Kafka in Spain

por | Jun 14, 2024 | English | 0 Comentarios

Literature is a mystery, just like art or music, and in the early 20th century, Kafka stands at the very heart of that mystery. Last Monday marked the hundredth anniversary of his premature death in Kierling, Austria. Today, we interpret him as one of the seismographs of secular or, rather, post-secular modernity. Enrique Krauze reminded us in the latest issue of Letras Libres that Kafka should be read like a theologian or a mystic: straddling the psychological and the metaphysical. Literature is also this, and it rarely speaks to us in unequivocal language. Not even the author himself, surely, can account for what he writes or glimpse all the implications of his words. «I did not believe anything at all, I was only asking,» Kafka noted during his retreat in the Bohemian village of Zürau, appealing to a world that has run out of answers but accepts doubt as its creed. The images he employs in his notebook of aphorisms are haunting—they end up pursuing us in dreams—yet also illuminating. «This village belongs to the castle, and whoever lives or stays here, lives or stays, so to speak, in the castle,» we read. It is indeed a rare truth. The voice of the wise elder, reminiscent of the spirit of monasticism, is also present: «There are two main human sins from which all others derive: impatience and indolence. It was through impatience that they were expelled from Paradise, it is through indolence that they do not return. Yet, perhaps, there is only one cardinal sin: impatience.» Learning to believe and to love is the key to parenthood, as I wrote in Florecer, and this speaks to us of patience as the great virtue of parents and also—why not?—of children. The following scene evoked in his notes is, however, disturbing: «Many shadows of the dead only concern themselves with licking the waters of the river of the dead, because it comes from us and still has the salty taste of our seas. Then the river bristles with disgust, changes the course of its current, and sends the floating dead back to life. But they are content, they sing songs of gratitude and caress the indignant river.»

Less known is the relationship of the Prague writer with Spain. It plays a key role, thanks to the early edition of The Metamorphosis in Revista de Occidente. The 1925 Spanish translation, still shrouded in the enigma of who its author was (whether Borges, now fully discarded; the formidable Margarita Nelken; or the Galician Ramón María Tenreiro, as José María Paz Gago claims in the June issue of Revista de Occidente), was key to the text’s international diffusion. But it holds another small secret unraveled by the Italian writer Adriano Sofri in his essay Una variazione di Kafka (Ed. Sellerio), published in 2018. It concerns a typo in the Spanish translation, indicating that a light coming from the street illuminates the room. The Spanish translator, instead of specifying that the light was from a lamp or a streetlight—as the original German implies—speaks of the moving light—one might say a cinematic effect—of an electric tram crossing the room for a few seconds. Isn’t the Spanish solution, by introducing a moving light, perhaps better than the original? Maybe. But the significant point Sofri tells us is not this, but that the typo would be reproduced in many other translations of the time—including the mythical French version by Alexandre Vialatte, who also confuses the streetlight with the tram—preferring the Spanish text to the German. It was a different era, of course, but literature also arises from errors because, as Kafka reminded us, the village—or rather the translation—belongs to the castle. And the typo is as Kafkaesque as the original.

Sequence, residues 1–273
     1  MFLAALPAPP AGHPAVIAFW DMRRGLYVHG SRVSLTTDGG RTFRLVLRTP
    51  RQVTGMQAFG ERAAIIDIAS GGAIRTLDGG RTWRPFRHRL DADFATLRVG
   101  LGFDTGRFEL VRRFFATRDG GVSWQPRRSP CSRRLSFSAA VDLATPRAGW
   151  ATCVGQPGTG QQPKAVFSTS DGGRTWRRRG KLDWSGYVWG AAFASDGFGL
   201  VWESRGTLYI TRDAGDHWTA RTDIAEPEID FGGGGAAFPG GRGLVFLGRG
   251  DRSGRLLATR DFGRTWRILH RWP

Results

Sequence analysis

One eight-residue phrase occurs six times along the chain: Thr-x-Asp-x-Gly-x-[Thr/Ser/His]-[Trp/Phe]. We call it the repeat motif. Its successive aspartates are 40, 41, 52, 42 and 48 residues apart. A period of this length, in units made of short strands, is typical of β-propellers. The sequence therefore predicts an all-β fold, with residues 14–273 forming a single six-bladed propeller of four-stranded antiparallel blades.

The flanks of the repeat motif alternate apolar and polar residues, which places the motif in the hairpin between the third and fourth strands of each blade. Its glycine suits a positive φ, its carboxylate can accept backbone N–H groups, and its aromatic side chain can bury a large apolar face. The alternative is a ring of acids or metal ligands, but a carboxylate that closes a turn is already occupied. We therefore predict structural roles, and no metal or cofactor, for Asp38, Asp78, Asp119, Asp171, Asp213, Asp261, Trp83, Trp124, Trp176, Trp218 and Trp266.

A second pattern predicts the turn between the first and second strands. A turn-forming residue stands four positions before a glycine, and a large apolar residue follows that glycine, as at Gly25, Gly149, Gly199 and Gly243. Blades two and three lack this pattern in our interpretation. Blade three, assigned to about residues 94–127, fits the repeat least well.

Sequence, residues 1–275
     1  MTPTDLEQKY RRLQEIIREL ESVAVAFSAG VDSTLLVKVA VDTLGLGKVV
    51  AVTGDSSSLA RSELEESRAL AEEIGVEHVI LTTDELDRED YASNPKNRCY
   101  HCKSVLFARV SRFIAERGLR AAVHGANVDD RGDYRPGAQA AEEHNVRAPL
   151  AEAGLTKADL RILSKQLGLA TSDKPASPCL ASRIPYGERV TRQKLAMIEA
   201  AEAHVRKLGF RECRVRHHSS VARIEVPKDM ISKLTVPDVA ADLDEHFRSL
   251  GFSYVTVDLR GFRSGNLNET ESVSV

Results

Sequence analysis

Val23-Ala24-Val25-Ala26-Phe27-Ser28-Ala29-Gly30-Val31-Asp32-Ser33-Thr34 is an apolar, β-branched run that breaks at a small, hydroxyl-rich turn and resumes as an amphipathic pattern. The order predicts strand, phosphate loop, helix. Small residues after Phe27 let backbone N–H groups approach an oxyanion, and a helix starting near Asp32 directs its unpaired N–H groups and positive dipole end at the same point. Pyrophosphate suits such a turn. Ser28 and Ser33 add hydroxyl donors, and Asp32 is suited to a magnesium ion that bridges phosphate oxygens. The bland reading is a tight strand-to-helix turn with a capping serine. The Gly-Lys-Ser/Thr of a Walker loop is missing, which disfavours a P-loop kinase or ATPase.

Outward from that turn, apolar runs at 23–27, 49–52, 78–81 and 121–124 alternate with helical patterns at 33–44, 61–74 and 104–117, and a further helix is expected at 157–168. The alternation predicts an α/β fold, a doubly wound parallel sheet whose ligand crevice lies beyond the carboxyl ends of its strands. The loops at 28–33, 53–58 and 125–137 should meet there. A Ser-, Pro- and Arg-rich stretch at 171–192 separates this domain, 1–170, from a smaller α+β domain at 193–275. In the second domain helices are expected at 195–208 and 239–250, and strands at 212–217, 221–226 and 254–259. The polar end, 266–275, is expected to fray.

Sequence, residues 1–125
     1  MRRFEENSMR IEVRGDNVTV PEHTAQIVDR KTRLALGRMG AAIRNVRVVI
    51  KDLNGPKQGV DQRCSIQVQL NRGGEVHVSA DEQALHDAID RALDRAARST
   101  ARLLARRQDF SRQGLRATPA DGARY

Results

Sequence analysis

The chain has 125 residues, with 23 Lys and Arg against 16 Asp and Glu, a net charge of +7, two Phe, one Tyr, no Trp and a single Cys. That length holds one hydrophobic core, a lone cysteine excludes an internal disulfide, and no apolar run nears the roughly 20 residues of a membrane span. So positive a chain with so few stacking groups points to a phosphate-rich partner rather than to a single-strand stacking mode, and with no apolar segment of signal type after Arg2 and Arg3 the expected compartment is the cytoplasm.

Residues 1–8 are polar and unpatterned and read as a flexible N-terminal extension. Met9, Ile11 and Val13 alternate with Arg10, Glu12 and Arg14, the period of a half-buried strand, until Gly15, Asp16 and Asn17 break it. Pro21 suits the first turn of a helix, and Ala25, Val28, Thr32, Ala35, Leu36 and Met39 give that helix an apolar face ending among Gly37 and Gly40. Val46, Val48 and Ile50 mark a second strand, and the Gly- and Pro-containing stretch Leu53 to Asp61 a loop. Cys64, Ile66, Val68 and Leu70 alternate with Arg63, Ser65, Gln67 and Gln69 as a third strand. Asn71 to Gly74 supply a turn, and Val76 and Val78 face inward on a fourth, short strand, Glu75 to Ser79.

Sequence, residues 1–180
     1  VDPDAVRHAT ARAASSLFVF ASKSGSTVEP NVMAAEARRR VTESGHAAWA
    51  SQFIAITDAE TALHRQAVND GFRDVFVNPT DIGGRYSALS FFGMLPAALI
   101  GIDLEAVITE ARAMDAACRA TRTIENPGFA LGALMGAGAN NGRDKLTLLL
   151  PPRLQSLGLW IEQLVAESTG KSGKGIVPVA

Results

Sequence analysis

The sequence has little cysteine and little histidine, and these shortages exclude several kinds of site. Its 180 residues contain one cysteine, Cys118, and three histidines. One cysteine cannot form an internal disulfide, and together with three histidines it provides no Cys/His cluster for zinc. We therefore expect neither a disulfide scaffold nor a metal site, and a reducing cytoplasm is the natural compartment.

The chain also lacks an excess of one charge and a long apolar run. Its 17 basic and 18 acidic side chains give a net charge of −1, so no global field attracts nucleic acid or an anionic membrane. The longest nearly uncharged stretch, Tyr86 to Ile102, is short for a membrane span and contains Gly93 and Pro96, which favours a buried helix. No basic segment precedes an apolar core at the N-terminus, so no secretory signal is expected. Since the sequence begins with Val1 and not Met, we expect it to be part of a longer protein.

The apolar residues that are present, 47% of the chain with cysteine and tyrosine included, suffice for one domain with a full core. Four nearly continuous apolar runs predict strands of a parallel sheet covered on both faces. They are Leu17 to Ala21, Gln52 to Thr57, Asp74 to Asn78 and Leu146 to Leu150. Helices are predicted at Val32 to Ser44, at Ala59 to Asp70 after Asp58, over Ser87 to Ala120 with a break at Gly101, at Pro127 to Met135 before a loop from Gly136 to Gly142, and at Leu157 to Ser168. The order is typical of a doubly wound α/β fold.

Daniel Capó

Daniel Capó

Casado y padre de dos hijos, vivo en Mallorca, aunque he residido en muchos otros lugares. Estudié la carrera de Derecho y pensé en ser diplomático, pero me he terminado dedicando al mundo de los libros y del periodismo.

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